Celery Root Soup
I love to browse the aisles of grocery stores. Especially Whole Foods. Maybe it’s the samples, the fresh produce, or the free snack from Kids Club to keep your kiddo happy. I find it relaxing, even with a toddler in tow. So when I saw this ugly little root vegetable, I knew there had to be a recipe on Pinterest turning this frog into a Prince. A few months back, my daughter's aunt cooked with celery root and it was delicious! And it had to be nutritious, right? Well of course it is. I am always trying to follow a cleaner diet and try new vegetables. This is clean eating approved if you go light on the oil and half-in-half.
The most difficult part of this recipe was peeling and cutting the celery root. It is worth it because the end result is pure creamy deliciousness!
Ingredients: (found from Chow.com—this recipe pin)
- 3 tablespoons extra-virgin olive oil, plus more for garnish
- 1 cup thinly sliced leek (or an onion would work) (about 1 medium), white and light green parts only
- 2 1/2 pounds celery root, also known as celeriac (about 3 medium), peeled and cut into 1-inch chunks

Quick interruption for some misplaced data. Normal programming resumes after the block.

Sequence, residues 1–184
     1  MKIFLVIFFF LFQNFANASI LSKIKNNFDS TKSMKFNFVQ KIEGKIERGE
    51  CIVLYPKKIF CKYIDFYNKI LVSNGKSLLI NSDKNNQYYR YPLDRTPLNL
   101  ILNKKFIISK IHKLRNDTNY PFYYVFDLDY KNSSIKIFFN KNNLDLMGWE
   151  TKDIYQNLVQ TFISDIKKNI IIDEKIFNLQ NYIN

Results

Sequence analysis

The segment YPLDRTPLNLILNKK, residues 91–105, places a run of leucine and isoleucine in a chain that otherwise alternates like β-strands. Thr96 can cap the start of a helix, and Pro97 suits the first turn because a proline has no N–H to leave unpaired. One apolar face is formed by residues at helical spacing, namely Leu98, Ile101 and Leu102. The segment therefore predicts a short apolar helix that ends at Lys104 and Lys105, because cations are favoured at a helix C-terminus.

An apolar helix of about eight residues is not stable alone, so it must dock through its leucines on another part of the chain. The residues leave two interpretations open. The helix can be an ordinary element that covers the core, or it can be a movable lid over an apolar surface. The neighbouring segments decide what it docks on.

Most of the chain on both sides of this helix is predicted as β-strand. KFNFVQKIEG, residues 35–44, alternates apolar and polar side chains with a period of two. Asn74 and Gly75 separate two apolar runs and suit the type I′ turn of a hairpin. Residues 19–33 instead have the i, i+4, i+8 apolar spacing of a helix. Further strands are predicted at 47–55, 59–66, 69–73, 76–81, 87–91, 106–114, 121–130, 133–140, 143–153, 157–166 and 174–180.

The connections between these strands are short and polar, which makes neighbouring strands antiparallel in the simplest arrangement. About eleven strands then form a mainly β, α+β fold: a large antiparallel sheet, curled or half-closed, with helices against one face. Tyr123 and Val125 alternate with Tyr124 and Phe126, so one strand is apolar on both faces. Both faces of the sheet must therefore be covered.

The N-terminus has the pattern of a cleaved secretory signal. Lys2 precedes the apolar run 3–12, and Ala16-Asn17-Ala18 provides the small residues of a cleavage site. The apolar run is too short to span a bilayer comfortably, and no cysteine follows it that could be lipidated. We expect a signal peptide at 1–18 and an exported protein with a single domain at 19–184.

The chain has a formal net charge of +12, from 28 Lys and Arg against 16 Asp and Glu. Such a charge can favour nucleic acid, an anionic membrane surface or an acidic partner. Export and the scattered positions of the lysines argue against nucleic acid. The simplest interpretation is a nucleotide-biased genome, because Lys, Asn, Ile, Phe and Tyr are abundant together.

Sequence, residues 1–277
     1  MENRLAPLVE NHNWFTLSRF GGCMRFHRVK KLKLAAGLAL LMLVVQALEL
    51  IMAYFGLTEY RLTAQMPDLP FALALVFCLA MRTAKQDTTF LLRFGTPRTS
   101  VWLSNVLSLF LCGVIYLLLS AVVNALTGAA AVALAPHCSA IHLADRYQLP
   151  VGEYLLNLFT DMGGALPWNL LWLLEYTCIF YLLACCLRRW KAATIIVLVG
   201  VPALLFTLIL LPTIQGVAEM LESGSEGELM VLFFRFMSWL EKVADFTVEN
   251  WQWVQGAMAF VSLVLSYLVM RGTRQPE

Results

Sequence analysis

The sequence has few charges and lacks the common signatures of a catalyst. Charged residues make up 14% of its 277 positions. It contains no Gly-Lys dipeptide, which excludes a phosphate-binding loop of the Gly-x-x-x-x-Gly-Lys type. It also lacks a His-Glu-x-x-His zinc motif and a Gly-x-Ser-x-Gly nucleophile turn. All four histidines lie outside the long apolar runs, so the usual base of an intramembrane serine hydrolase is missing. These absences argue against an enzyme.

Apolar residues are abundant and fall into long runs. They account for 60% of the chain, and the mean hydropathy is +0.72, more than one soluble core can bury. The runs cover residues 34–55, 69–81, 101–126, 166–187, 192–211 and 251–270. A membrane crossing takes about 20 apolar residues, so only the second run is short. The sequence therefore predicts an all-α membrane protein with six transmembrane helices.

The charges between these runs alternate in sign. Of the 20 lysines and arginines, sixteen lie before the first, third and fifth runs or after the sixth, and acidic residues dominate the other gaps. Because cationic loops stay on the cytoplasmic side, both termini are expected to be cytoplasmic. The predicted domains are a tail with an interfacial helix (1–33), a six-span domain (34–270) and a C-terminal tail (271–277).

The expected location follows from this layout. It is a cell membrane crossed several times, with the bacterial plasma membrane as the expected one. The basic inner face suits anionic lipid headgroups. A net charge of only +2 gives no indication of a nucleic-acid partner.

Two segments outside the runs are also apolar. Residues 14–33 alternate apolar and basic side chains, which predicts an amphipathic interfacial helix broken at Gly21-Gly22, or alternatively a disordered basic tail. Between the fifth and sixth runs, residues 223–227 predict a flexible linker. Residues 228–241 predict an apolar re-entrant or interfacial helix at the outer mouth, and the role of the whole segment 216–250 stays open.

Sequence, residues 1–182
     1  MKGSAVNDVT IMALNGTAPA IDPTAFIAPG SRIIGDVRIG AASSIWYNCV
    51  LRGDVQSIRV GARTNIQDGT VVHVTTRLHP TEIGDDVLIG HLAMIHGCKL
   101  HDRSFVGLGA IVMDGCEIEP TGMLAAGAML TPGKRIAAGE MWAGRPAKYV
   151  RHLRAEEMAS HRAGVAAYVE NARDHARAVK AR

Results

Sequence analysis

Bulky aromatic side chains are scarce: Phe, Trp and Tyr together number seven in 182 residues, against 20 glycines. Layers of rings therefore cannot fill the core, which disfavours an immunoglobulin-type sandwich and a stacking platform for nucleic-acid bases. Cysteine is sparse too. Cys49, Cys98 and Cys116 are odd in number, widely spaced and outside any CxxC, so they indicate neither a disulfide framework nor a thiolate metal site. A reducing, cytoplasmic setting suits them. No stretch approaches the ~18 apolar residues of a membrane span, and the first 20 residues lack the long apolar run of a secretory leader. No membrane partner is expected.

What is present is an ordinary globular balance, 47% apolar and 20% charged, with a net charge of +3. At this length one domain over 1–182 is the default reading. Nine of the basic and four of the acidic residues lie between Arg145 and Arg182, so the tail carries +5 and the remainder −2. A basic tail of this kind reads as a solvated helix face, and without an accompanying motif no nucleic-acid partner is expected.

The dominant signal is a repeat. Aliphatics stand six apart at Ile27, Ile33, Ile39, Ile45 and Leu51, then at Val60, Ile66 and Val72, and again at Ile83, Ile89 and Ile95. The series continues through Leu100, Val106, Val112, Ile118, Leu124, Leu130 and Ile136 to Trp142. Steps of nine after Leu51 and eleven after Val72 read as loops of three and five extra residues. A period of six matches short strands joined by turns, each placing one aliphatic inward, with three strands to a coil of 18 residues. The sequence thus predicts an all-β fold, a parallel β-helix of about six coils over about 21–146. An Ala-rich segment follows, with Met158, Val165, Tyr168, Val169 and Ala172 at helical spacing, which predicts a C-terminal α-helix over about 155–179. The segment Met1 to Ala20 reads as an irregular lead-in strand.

- 12 ounces Yukon Gold potatoes (about 2 large), peeled and cut into 1-inch chunks
- 1 medium tart apple, such as Granny Smith, peeled, cored, and cut into 1-inch chunks ( I did not use this)
- 2 medium garlic cloves, peeled and smashed
- 2 teaspoons kosher salt, plus more as needed
- Freshly ground black pepper
- 3 cups water
- 2 cups low-sodium chicken or vegetable broth
- a little bit of half-in-half or heavy cream to finish
- Heat oil in a large saucepan with a tightfitting lid over medium-high heat until shimmering. Add leek (or onion) and cook, stirring occasionally, until softened and translucent, about 3 minutes. Add celery root, potatoes, apple, garlic, salt, and a pinch of pepper. Stir to coat vegetables with oil, add water and broth, and bring to a boil. Cover, reduce heat to low, and simmer until vegetables just give way when pierced with a knife, about 20 to 25 minutes.
- Remove 1 cup of liquid from the saucepan; set aside. Using a blender, purée the soup in batches until smooth, removing the small cap from the blender lid (the pour lid) and covering the space with a kitchen towel (this allows steam from the hot soup to escape and prevents the blender lid from popping off). Once blended, transfer the soup back to the saucepan and keep warm over low heat. If the soup is too thick, add the reserved liquid a little at a time until the soup reaches the desired consistency. Taste and season with additional salt and pepper as needed. Add a little bit of half-in-half or heavy cream to finish (a few turns of the pan).
P.S. and a little crispy bacon on top can’t hurt!